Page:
Tips for Parents and Caregivers During the Pandemic
As a volunteer at an Olathe, Kan., nursing home, 19-year-old Isaac Swindler enjoyed helping people by escorting residents to the chapel, bringing them meals, and assisting with laundry. But when the nursing home was forced to limit the number of visitors to the facility in response to the spread of COVID-19, Isaac became one of the millions of Americans to lose his position – and his routine.
That sudden change to daily life can be difficult for anyone, but for someone like Isaac, who has autism spectrum disorder, it can be an extraordinary disruption, said Issac’s father, Sean Swindler. Individuals with autism often struggle with rapid, unpredictable changes to their routine, he said.
“Social distancing needs to happen to keep everybody safe, and we are absolutely in support of it,” Sean said. “However, it really is a challenge for kids with autism and their families because they're losing so many opportunities for interaction that can't be reproduced at home.”
In addition to the experience of being a parent of a child with autism, Sean is the director of community program development for the Kansas Center for Autism Research and Training, or K-CART, a research center at the Life Span Institute. The center fielded questions early on in the pandemic about how to adjust as children’s access to opportunities was completely upended by stay-at-home orders, the closure of businesses, and converting school classrooms to online instruction. The center created a list of COVID-19 resources for families.
We reached out to Associate Professor Rene Jamison, a licensed psychologist for the Center for Child Health and Development in Pediatrics at the KU Medical Center and an investigator at K-CART, for tips for parents who are navigating these changes. She provided the following guidance, which has been edited and condensed:
How can I help my child adjust to change?
It's important for parents and families to prioritize what’s most important to keep up with. I know a lot of our families are really worried about the long days at home together, lack of structure and missing their educational opportunities. Some families are experiencing financial stress or a need for childcare. Priorities will be different for each family.
Adjusting to these changes will be easier if you can identify tasks to accomplish in smaller chunks of the day, taking the to-do list in stride. For example, when everyone is awake, you can establish that everyone will make their bed, brush their teeth and then cook breakfast.
Identify new opportunities and the positive changes that result from sheltering at home. Try to spend more time together and connect with children. Focus on those basic needs.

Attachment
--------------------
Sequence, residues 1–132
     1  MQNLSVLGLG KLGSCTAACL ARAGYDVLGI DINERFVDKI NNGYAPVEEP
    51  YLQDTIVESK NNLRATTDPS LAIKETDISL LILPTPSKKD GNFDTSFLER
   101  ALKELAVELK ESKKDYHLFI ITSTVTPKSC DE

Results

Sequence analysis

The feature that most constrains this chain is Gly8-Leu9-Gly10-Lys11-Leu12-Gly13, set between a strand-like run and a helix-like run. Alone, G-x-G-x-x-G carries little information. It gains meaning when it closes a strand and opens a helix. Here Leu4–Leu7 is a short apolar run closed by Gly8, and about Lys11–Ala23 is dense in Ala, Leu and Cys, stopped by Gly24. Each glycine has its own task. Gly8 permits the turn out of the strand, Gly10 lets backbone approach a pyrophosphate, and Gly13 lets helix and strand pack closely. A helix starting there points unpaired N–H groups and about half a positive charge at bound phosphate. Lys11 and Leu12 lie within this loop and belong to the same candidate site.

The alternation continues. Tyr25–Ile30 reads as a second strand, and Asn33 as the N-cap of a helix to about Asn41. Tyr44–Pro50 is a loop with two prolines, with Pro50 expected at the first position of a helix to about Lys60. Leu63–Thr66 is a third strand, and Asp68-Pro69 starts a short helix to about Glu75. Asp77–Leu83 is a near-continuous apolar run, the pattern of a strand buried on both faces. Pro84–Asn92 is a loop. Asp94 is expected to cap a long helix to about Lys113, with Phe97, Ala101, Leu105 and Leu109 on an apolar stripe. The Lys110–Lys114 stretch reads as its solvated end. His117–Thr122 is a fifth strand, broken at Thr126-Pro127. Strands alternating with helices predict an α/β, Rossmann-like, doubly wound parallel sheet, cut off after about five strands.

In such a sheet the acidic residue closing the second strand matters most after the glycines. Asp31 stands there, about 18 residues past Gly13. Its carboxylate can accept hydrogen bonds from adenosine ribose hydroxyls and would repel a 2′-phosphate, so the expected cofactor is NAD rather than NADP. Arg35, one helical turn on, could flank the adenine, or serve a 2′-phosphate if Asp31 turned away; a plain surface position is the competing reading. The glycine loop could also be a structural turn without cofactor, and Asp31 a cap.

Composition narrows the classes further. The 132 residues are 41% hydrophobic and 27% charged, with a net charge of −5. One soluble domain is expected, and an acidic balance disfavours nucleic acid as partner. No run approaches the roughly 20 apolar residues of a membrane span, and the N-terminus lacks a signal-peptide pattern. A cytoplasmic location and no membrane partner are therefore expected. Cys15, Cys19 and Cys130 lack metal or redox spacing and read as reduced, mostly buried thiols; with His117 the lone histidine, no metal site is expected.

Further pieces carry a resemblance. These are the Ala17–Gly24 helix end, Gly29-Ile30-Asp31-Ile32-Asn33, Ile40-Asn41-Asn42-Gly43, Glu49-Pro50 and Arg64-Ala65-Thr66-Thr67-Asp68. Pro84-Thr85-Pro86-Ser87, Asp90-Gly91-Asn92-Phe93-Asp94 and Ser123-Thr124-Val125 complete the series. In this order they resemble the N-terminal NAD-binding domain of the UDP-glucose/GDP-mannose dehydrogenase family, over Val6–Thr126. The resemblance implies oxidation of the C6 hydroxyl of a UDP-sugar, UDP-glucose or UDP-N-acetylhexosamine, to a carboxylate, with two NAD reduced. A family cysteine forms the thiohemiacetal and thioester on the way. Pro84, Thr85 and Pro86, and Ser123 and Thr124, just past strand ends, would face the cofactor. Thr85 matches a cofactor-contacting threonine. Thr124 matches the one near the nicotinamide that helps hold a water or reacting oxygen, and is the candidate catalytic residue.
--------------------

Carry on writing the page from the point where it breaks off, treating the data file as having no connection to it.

How do I help my child maintain social skills?
There is no doubt that kids with autism are not spending as much time engaged in social interaction or extracurricular activities. During this time, parents can model interaction and connection with their friends and family, incorporating their kids into this as well. That way you're all engaged together.
For some, virtual classrooms or video calling friends can be overwhelming, so just circle back to prioritizing what the child gets the most out of or enjoys. Find out how other kids or teens their age are connecting in order to get ideas and create opportunities around interests or existing friends.
How do I help my child establish a routine?
Parents and caregivers can identify priorities based on family and child needs. If possible, engage the child in creating a schedule and consider what will work best based on schedules of other family members as well. It doesn’t have to mirror the school day; academics or learning can be mixed in with time for connection and provide space for children to choose what they want to do. For example, this might look like writing and reading time in the mornings, then cooking lunch together and a walk outside.
It doesn’t need to be overly specific or scheduled to the minute, but should give enough structure so that children can see what's coming up that day.
How do I assist my child when preferred choices and activities are not available?
It’s frustrating for kids to not be able to do what they want. So while they may not be able to engage in preferred activities in the community, you can build scenarios at home that give them choices. Whether it’s setting up a pretend store with stuff from around the house or letting them choose what to eat for dinner some night, addressing and validating their frustration should be at the core of these experiences.
Keeping kids engaged by asking them what they might need, or checking in on them throughout the day with affirmations or physical touch will ease this transition. If possible, create activities for children or get out materials or toys to use within certain settings or time of day. Small groupings of tasks and activities will help things move slowly.
Most importantly, take things slowly and care for each other. Daily living skills and leisure activities can be equally important when children might not be working on academic-driven skills. Parents and caregivers can look for opportunities that allow the family to learn together and to incorporate the child’s interests.
Article by Grant Hileman
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